At the close of WWII, Russian troops in Eastern Europe never left. Instead, they crushed national governments and installed puppet regimes loyal to Russia, cynically accomplishing what Hitler tried to do in Eastern Europe. NATO was formed in 1949 as a bulwark against Russian expansion into Western Europe and it has been the most successful mutual defense alliance in the world. When the Soviet Union finally collapsed in December 1991, NATO consisted of 16 member states. Since then, NATO membership has ballooned to 28 countries as most former Soviet prison-states quickly declared their independence from Russia and clamored to join NATO’s mutual-defense pact and open up economic ties with the West.
NATO’s inclusion of so many countries that were once prisoners of the Russian empire has not been well received by Russia. When Ukraine, long a victim of Russian dominance and the single country hosting Russia’s only ice-free naval port in the Black Sea, began making overtures to the West, the Kremlin panicked. Following the popular ouster of pro-Russian Ukrainian President Viktor Yanukovych, Putin moved troops, weapons, and tanks into Crimea and illegally annexed it as part of Russia in March of 2014.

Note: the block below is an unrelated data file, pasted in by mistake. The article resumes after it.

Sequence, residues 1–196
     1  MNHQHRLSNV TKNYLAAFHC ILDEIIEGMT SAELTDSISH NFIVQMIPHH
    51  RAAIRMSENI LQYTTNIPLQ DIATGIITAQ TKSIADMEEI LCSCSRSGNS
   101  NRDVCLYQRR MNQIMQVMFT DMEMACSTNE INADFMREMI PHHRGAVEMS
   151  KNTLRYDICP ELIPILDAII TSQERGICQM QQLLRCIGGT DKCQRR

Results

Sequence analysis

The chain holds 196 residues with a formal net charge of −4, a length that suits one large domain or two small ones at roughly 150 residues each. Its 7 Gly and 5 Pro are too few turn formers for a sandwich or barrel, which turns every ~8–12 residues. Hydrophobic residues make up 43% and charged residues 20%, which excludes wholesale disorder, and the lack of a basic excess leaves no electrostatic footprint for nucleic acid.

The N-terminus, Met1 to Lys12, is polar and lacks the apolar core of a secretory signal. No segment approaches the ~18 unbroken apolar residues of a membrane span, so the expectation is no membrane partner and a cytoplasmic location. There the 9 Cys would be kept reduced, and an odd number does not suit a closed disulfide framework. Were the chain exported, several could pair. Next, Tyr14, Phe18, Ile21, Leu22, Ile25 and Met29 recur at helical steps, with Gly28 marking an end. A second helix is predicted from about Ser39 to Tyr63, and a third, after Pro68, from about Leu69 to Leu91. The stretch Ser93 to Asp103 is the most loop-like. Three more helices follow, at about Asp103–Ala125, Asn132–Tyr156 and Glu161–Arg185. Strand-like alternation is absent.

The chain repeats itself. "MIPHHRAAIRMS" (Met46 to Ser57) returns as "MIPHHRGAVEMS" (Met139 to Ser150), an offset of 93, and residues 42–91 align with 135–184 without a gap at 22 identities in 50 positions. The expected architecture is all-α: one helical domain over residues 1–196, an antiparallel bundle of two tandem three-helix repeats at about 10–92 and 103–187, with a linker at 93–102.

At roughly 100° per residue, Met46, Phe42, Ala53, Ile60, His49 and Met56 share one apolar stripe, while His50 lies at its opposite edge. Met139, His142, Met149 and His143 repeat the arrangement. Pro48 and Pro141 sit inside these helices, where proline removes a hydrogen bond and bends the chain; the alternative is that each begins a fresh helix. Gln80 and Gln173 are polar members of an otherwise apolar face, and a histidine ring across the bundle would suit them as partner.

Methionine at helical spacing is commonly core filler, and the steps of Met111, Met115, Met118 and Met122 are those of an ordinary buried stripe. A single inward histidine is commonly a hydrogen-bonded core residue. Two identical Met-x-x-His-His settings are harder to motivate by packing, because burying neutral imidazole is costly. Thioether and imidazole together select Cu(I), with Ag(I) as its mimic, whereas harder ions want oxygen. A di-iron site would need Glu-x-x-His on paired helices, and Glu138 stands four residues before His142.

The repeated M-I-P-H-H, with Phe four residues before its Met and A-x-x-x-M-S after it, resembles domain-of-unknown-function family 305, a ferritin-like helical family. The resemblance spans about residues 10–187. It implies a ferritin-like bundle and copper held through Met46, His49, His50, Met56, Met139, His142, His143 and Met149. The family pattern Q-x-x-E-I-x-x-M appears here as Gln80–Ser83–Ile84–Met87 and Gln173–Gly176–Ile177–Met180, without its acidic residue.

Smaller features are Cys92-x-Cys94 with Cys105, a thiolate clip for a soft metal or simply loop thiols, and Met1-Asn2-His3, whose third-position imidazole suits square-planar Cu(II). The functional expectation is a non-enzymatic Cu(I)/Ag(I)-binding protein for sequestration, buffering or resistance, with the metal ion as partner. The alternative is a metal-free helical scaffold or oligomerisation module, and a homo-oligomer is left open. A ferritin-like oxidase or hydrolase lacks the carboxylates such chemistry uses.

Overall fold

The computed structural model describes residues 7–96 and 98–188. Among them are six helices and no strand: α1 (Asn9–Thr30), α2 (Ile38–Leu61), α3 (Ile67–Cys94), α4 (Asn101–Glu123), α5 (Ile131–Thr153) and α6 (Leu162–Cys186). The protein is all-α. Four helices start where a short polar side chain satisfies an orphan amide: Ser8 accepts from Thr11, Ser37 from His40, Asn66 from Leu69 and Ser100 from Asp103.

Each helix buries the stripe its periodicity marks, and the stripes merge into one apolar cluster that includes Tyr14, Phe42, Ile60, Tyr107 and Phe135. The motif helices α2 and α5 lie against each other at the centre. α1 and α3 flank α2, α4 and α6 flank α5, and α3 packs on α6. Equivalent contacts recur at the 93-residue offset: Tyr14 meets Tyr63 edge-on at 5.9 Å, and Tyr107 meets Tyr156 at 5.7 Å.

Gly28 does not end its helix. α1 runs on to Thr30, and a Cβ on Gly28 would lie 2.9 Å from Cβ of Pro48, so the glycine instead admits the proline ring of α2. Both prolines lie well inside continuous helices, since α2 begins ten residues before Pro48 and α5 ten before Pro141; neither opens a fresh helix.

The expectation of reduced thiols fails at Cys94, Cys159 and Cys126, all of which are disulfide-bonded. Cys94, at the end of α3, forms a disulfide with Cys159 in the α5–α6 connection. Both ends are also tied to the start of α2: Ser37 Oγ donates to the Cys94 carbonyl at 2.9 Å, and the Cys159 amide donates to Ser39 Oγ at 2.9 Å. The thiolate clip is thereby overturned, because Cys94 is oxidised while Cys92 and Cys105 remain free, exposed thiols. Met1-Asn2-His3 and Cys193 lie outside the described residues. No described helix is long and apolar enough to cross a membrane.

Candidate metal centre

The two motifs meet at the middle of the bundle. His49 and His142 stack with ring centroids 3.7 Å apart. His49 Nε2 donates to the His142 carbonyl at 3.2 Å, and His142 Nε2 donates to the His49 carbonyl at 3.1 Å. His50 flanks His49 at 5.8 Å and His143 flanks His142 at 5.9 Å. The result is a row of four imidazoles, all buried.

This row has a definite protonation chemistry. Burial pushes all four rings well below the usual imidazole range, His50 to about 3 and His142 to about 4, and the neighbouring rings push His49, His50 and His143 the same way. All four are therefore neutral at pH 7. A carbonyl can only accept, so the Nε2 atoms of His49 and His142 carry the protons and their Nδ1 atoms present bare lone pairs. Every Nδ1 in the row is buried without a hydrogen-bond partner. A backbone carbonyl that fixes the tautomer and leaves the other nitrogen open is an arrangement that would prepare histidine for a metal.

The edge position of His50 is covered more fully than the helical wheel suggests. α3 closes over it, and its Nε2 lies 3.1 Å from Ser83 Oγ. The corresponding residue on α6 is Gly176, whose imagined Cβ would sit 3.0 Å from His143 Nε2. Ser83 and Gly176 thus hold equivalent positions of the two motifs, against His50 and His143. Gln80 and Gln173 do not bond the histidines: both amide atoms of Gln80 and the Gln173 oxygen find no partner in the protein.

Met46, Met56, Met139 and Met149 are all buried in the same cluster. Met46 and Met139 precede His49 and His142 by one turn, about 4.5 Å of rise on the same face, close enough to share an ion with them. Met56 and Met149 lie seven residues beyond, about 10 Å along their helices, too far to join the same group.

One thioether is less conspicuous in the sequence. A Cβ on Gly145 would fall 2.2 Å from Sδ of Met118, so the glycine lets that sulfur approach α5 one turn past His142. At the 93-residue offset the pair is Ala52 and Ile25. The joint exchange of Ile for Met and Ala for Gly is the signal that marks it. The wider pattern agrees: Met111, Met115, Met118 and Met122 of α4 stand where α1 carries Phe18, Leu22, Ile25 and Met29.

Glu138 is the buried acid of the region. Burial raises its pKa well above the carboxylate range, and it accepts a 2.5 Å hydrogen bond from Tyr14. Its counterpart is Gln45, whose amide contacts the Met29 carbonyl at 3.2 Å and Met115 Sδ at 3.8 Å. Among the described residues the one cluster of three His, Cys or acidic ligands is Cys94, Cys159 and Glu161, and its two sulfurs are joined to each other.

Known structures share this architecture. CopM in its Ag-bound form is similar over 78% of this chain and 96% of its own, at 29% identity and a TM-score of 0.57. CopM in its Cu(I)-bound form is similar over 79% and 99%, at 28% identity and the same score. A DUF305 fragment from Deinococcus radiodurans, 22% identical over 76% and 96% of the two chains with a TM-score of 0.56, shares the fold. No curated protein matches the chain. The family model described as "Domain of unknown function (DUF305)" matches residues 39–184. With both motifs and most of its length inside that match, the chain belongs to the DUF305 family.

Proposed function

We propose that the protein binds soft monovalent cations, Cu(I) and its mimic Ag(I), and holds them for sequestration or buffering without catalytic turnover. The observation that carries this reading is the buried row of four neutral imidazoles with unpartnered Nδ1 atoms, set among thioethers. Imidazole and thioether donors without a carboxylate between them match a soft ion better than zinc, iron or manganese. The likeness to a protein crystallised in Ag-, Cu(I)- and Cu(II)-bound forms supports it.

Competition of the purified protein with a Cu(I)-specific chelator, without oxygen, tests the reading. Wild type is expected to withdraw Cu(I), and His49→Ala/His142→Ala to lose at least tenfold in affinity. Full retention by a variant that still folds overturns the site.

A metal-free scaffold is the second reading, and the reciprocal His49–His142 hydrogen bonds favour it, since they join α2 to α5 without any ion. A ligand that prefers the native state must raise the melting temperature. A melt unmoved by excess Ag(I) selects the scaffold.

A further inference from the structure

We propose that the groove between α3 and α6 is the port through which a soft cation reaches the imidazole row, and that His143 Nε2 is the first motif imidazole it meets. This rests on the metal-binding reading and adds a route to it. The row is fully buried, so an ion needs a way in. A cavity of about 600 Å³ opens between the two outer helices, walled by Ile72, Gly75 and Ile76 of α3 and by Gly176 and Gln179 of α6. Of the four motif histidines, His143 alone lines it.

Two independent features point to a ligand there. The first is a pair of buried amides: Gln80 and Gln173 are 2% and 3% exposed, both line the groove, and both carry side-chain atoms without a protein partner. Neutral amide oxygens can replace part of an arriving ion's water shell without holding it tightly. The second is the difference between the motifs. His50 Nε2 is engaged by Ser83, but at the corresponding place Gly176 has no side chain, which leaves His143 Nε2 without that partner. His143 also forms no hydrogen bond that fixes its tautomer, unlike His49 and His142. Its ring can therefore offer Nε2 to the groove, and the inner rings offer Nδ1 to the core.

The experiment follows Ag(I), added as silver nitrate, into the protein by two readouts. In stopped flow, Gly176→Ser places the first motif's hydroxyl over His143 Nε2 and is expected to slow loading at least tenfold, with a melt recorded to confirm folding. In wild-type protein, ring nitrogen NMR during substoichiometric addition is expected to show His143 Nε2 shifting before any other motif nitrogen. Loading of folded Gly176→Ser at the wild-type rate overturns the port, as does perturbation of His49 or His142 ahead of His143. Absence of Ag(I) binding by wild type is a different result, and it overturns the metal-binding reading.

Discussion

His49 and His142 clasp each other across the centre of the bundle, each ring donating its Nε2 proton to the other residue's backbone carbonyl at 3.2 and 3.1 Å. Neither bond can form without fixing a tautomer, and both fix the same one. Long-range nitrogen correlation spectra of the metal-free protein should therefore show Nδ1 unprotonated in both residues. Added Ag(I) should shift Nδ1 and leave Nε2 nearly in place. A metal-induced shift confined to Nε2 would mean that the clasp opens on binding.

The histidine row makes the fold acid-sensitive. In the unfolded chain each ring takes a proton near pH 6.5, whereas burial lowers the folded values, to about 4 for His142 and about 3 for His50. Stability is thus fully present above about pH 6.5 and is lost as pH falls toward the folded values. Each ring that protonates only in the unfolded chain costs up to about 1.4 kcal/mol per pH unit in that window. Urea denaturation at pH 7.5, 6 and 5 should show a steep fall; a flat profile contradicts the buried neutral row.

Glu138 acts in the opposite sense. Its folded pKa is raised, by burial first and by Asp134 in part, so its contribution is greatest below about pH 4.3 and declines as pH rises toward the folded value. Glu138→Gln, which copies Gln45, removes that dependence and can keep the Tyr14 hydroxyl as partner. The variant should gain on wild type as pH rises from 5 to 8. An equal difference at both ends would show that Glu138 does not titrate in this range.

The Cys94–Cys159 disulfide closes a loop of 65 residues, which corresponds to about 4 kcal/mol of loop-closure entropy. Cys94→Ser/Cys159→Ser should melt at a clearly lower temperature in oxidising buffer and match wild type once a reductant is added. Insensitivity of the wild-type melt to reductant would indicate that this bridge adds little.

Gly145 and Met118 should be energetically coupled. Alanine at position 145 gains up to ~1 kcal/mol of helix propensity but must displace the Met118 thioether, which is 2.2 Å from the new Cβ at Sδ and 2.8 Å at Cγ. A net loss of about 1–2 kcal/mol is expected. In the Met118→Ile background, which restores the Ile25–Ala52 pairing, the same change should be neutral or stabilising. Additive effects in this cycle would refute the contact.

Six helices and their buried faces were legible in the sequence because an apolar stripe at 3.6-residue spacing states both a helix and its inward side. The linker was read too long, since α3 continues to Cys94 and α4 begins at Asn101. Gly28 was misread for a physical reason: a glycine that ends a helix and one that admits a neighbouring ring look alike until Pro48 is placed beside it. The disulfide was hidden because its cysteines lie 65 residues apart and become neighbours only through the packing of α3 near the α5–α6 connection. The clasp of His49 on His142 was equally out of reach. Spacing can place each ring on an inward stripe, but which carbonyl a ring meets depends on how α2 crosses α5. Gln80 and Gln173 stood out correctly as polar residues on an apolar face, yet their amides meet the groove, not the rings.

That April, only days later, tens of thousands of Russian troops and Ukrainian separatists, supplied with Russian weapons and tanks, moved into eastern Ukraine. Russia has illegally taken control of the region and since the invasion, over 9,500 people have been killed and another 22,100 injured, including soldiers and civilians, according to UN figures. As of August of 2016, the Pentagon states that Russia has amassed 40,000 troops on Ukraine’s “border” and Ukraine’s President Petro Poroshenko has warned that a full-scale invasion by Russia may be imminent.
As a non-member state, NATO has not acted visibly to protect Ukraine. The Republic of Georgia on Russia’s southern border is also not a NATO member and Putin invaded and seized portions of Georgia in 2008. But, Russia has never made any direct military moves against a NATO member state, including the tiny Baltic States. Not yet.
A love affair between megalomaniacs
Given minimally, the history of Putin-ordered murders of journalists and opponents, his invasion of Georgia, Crimea, and eastern Ukraine, and his campaign of criminal airstrikes on civilians in Aleppo, I find it inconceivable how Donald Trump could view Putin as a “great leader”. Incredibly, the president-elect of the United States has nothing but praise for perhaps America’s most dangerous adversary. Following are only a few of the many comments of exhuberant praise Trump has awarded Putin: